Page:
The water breach which bypassed the legally required on-site filtration system designed to remove contaminates from the project’s wastewater was first noticed by Dorothy Chambers, a longstanding environmental steward and outspoken advocate for the river, who checks on the salmon-bearing river regularly. (Photo by Dorothy Chambers)

McKenzie Interchange pump failure sends contaminated water into Colquitz River

Sediment release in salmon-bearing river a serious threat to aquatic life, says local activist

Contaminated water from the $85 million McKenzie Interchange project was pumped straight into the Colquitz River Thursday, after a mechanical pump failed during heavy rainfall.

The water breach, which bypassed the legally required on-site filtration system designed to remove contaminates from the project’s wastewater, was first noticed by Dorothy Chambers, a longstanding environmental steward and outspoken advocate for the river who checks on the salmon-bearing river regularly.

“Over an hour passed while I was there before Westpro shut off their pumps. By then the tributary and river itself was thick with their dirty water sediment and I do not know how long they had been pumping into the river before I arrived,” Chambers said.

This type of sediment release in a river is a serious threat to the aquatic life, according to Chambers. The unfiltered water release could set back previous protection and restoration work to the Gorge and the sensitive Colquitz ecosystem (which is also a federally protected bird sanctuary).

The Portage Inlet is a low-flush estuary so it rarely turns its water over. Contaminants settle and stay, affecting the entire ecosystem.

RELATED: ‘Where the hell are the environmental monitors?’ says Colquitz activist

The Ministry of Transportation and Infrastructure (MOTI) investigated the Dec. 13 incident and met with project contractor Westpro (a division of Pomerleau Inc.) and their environment monitors to discuss the incident, and to remind them of their contractual obligation regarding environmental management.

“The contractor is now building redundancies into their practises to account for potential failures of this nature in the future, including increased equipment monitoring during heavy rainfall,” said a spokesperson for MOTI.

This is not the first environmental issue related to the Mackenzie Interchange project. Multiple runoffs have occurred, including a sediment runoff in February and a cement runoff in March.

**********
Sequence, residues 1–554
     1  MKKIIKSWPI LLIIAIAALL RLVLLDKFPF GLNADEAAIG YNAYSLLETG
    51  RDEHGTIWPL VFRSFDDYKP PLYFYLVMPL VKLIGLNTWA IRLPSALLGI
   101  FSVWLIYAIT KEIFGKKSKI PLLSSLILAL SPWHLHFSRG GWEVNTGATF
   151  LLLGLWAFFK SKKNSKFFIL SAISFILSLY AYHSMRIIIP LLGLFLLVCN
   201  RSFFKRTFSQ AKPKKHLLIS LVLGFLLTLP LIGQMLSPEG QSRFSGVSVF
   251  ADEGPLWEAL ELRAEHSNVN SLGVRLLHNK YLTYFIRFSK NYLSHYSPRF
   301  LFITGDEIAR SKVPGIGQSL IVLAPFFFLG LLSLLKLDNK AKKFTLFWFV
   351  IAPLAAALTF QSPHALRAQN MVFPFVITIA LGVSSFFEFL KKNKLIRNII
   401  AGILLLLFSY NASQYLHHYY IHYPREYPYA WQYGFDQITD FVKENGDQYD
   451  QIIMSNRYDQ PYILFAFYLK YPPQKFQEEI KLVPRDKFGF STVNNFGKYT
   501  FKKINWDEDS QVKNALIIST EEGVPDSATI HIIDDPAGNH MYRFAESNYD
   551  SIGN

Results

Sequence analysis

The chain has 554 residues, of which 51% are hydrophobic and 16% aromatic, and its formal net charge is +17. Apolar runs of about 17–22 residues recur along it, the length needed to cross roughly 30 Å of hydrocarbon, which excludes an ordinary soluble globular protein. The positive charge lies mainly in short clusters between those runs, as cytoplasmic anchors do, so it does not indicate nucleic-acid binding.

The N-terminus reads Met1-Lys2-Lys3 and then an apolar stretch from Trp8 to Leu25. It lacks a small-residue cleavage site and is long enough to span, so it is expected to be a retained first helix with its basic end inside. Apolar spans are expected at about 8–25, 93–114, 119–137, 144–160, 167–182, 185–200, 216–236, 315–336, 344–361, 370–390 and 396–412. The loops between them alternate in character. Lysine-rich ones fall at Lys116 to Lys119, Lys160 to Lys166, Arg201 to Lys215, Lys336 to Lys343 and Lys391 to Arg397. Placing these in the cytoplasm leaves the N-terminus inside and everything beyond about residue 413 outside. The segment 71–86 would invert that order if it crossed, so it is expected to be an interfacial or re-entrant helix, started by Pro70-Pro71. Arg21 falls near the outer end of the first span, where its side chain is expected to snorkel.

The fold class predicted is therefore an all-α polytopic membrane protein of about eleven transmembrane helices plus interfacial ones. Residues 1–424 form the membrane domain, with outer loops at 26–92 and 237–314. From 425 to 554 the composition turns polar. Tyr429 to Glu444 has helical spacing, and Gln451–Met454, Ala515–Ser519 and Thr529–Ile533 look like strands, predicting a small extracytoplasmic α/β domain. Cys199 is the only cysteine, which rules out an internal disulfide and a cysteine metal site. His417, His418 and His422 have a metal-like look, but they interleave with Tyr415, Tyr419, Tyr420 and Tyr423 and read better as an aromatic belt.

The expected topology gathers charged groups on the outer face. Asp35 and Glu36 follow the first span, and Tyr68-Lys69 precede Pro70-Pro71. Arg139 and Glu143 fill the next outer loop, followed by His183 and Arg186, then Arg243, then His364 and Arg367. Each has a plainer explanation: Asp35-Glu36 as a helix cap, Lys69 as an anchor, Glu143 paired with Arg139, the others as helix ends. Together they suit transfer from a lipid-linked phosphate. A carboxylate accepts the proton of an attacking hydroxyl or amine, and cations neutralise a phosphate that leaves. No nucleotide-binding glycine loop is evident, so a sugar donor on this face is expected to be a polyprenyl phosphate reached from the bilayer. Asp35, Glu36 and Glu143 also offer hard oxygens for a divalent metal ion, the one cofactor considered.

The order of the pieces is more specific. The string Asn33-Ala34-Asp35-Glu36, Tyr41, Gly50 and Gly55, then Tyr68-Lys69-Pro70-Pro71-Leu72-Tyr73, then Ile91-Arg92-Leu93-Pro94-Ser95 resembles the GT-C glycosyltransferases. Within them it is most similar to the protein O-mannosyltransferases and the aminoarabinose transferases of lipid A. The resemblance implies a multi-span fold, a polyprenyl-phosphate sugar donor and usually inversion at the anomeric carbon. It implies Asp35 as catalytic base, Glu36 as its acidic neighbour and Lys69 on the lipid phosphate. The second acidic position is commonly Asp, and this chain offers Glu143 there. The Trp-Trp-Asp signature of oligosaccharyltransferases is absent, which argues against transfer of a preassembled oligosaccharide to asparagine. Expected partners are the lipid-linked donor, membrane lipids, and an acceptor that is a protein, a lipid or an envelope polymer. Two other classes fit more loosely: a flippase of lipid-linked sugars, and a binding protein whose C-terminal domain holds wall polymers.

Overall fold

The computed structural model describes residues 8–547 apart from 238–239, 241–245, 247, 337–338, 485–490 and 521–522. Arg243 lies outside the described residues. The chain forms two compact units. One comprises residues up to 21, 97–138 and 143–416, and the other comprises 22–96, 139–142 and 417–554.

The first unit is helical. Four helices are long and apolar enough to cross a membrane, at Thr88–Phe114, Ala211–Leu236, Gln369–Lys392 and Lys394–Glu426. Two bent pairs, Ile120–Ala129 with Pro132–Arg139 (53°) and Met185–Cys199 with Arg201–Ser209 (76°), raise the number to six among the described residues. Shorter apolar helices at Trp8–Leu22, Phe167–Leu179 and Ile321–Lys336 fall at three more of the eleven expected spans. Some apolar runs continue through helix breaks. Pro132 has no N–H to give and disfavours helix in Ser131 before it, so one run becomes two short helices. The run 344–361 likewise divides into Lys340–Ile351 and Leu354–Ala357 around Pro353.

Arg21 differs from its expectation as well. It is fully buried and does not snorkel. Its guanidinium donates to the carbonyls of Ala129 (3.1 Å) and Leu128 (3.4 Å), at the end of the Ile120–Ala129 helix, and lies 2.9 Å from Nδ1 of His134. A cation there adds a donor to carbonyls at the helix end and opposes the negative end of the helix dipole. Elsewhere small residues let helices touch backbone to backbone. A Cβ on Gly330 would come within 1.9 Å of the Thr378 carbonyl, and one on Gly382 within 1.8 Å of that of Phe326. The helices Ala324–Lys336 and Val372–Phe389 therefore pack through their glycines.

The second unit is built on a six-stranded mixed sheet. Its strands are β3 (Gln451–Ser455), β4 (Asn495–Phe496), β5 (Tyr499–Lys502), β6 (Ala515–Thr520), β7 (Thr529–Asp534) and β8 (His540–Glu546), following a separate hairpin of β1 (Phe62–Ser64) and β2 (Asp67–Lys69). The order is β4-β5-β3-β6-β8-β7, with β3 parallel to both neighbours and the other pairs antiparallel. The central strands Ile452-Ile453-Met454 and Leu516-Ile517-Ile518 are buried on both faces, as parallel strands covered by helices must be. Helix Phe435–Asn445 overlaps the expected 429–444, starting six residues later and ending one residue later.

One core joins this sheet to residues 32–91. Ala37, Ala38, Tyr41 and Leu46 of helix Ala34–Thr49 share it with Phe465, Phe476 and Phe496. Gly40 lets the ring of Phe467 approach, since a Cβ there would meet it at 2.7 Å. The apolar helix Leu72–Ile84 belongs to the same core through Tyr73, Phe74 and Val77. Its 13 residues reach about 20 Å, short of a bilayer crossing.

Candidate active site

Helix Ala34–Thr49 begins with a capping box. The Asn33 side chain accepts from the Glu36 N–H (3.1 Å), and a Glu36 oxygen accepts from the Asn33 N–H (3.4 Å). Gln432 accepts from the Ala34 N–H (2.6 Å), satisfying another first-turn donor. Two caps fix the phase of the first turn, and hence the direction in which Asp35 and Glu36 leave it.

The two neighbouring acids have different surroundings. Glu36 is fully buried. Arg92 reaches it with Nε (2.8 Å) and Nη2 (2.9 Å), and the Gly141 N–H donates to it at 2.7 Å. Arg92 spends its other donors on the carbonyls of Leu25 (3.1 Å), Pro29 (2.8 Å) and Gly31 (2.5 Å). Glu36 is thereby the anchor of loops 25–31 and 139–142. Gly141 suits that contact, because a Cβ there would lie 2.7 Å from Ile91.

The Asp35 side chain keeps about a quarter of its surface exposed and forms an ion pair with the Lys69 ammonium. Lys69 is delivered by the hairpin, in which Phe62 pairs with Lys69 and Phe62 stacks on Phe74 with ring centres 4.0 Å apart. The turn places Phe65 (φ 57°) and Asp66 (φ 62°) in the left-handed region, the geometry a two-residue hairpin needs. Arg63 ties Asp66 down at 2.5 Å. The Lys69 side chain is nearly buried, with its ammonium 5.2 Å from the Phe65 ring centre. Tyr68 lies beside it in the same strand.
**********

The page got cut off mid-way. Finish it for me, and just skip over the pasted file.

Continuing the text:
MOTI has employed an additional firm on the project to conduct periodic environmental monitoring and auditing to ensure the contractor meets their obligations.

This monitoring will continue for the remainder of the work on the McKenzie Interchange.

“We will continue to work closely with the contractor and our municipal partners to monitor the surrounding areas, ensuring they are not negatively impacted by the work at the McKenzie Interchange,” said a spokesperson for MOTI.

RELATED: Cement the latest McKenzie Interchange runoff in Cuthbert Holmes Park

“Saanich remains committed to caring for our natural areas and looks forward to a speedy resolution to this issue,” said Tara Zajac, communications for District of Saanich.

Westpro could not respond to a request for comment in time for publication.

Residents are encouraged to forward any feedback or concerns to the Ministry of Transportation and Infrastructure at mckenzieinterchange@gov.bc.ca or 250-387-8700.


 

keri.coles@blackpress.ca

Follow us on Instagram
Like us on Facebook and follow us on Twitter.

Get local stories you won't find anywhere else right to your inbox.
Sign up here

 

Just Posted

Sooke temporary homeless shelter packs up early

Occupants to leave facility by June 22

Greater Victoria transit usage sees gradual rise

Ridership still down 66 per cent compared to last year

‘The face of Belmont’: Custodial staff at Langford school pivot to support parents, students

Staff serve as point of contact for parents, students with school

Government Street becomes pedestrian-priority corridor

One block of downtown street closed to cars entirely

Name of victims ‘ripped down’ from Victoria display

Organizers feel the act is ‘malicious’

March dental conference key to many of B.C.’s COVID-19 cases

Early infections from China, Iran were quickly contained

Facing changes together: Your community, your journalists

The COVID-19 pandemic has changed the world in ways that would have… Continue reading

Cortes Island affordable housing project hangs by a thread

Regional decision makers resort to COVID-19 concerns despite virtual meeting option and push hearing to September

MAP: Dr. Henry reveals which B.C. regions have seen most COVID-19 cases

B.C. health officials release a first look at how the novel coronavirus has reached all corners of the province

North Island recreation camping site closed due to vandalism

Damage happens every year, forcing site manager to reallocate improvement budget to repairs

Tla-o-qui-aht First Nation woman, 26, fatally shot by police in Edmundston, N.B.

Police were conducting a well-being check at the time of the incident

Seniors to receive up to $500 in promised COVID-19 emergency aid in early July

The Liberal government first promised the extra help in mid-May, but had to create a new system to deliver the aid

VIDEO: Revelstoke bear wanders into Animal House pet store

Staff got ready to chase it out with a broom

Man found dead in his tent at Island homeless camp

Facebook posts tell of personal struggles and attempts to stay clean and sober

Most Read